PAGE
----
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Minute book requirements

A Minute Book for the Trust is held together with the necessary Resolutions, Agreements, Deeds and other financial records and statements.  The Minute Book records events and all Trustee decisions in relation to the Trust. It is vital that all the trustees sign each minute. It should also refer to supporting documents, which are held as trust documents.  Trustees should early on decide whether the minutes are kept as a bound or loose-leaf file or and whether trustee meetings and approvals can take place by telephone, email, fax etc.  The minutes should show to the reader that when the trustees took part in the decision-making, they had full knowledge of all the relevant facts that made that decision possible. It should also show that they have acted according to the Deed of Trust, and legal principles that may apply. 

A Minute Book is an historical document, which shows reasons for decisions and actions, which have taken place.  It may contain opinions and suggestions by the trustees. Some information may be confidential and should not be held in the minute book as it could cause liability for the trustees at a later stage. The minutes are filed in date order.  

The Minute Book goes further than just holding decisions by the trustees.  It goes to show the reasons for those decisions.  In doing so it provides the historical background, which is important for understanding the decisions of the trustees in the future and also by other trustees.  It can also be important to show that the trustees have acted prudently and after taking the necessary advice from others who may be professionals in a specific field or before embarking on a specific action.

Typical minutes are:

  • The initial trust set up minutes showing appointment of trustees.
  • Acceptance of the trust corpus amount by the trustees.
  • The appointment of the trust solicitor.
  • The appointment of trust accountant.
  • The opening of a bank account and the duties and authorities attached to that.
  • The transfer of other assets to the trust.
  • The security given by the trustees to allow loans to be taken out, secured by Assets held by the Trust.
  • The basis for the values of the assets such as agreements for sale or evaluations and insurance proposals etc.
  • Indemnity for Guarantors and others connected to the transactions such as solicitors and banks etc.
  • End of year activities connected to the financial statements and the position of the accountant.
  • The approval of the investment course and or policy on a yearly basis. 
  • The approval of funds distributed to beneficiaries.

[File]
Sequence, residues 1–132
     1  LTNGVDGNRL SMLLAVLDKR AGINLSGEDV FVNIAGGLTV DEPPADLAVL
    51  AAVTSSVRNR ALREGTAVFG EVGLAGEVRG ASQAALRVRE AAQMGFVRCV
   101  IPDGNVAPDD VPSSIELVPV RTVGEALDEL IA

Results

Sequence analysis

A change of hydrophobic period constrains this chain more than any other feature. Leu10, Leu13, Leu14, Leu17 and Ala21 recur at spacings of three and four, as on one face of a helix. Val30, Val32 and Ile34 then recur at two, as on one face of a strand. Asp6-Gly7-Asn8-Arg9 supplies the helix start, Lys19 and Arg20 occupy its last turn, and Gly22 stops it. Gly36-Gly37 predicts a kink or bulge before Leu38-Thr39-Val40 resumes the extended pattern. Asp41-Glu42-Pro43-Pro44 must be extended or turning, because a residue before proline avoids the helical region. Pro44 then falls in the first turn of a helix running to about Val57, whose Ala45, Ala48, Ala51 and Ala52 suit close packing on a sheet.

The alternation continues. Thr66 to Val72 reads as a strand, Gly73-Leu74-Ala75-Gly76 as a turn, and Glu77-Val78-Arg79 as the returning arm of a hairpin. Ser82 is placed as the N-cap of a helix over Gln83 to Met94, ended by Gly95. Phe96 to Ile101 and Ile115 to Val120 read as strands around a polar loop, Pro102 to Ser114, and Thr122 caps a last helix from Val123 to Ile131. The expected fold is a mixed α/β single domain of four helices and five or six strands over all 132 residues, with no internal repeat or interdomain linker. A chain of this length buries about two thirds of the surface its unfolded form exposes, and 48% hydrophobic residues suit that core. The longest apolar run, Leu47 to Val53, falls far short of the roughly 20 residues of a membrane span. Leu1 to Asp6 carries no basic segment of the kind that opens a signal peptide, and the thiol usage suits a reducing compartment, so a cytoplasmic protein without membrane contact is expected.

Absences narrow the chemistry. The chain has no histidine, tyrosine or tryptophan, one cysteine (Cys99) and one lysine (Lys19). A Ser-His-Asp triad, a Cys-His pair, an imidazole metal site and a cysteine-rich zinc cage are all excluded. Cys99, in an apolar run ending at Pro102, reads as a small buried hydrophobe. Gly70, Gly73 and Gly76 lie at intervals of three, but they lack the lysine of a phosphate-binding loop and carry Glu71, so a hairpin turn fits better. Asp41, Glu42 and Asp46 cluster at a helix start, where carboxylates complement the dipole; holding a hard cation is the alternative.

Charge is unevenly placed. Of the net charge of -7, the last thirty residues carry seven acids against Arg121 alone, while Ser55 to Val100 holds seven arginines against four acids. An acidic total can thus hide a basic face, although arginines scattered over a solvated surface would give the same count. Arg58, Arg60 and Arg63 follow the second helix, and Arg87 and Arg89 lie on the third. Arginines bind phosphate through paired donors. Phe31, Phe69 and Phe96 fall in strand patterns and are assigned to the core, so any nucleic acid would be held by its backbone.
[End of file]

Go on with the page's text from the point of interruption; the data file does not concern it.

• The approval of loans made available to beneficiaries and or others at interest rate or on demand and for certain terms or for a non-fixed period.
  • All transactions involving the trust such as partnerships, common transactions and investments.
  • Accepting loan agreements and making loan repayments with all the necessary terms and conditions attached to that.
  • The purchase and sale of assets which should include all Council reports, loan agreements, valuation reports, mortgage documents, lawyers letters and other statements and documents relating to those transactions.

It is important to note for all minutes that the purpose of the actual payment distribution or transaction should be recorded and preferably set out in the minute book itself.

Whenever decisions are made by trustees to distribute monies that are owned by the trust such as income or part of the capital of the trust fund then the trustee should consider the overall interest of all the beneficiaries.

When the trustees are also the beneficiaries they should additionally declare their own interest as beneficiaries and the fact that they are trustees.  In a recorded decision they should expressly put aside their personal interests.)

Should Trustees File Tax Returns?

The Trustees must file an IR6 Tax Return each year.  It is for the Trust and it shows the entire Trustee income and tax payable.  Calculations and accounts for tax of the beneficiaries are also shown unless the income is transferred direct.  The beneficiaries can then claim a credit for that.

What is a Beneficiaries Tax Return?

Here we see the beneficiary’s income, which is shown for the new Trust in the tax year, and they pay tax on that on their normal tax rates.  If tax has been deducted overseas then your maximum credit is the amount of New Zealand as payable on the share of the overseas income.  Non-qualifying trusts are taxed separately at 45c in the dollar.
 



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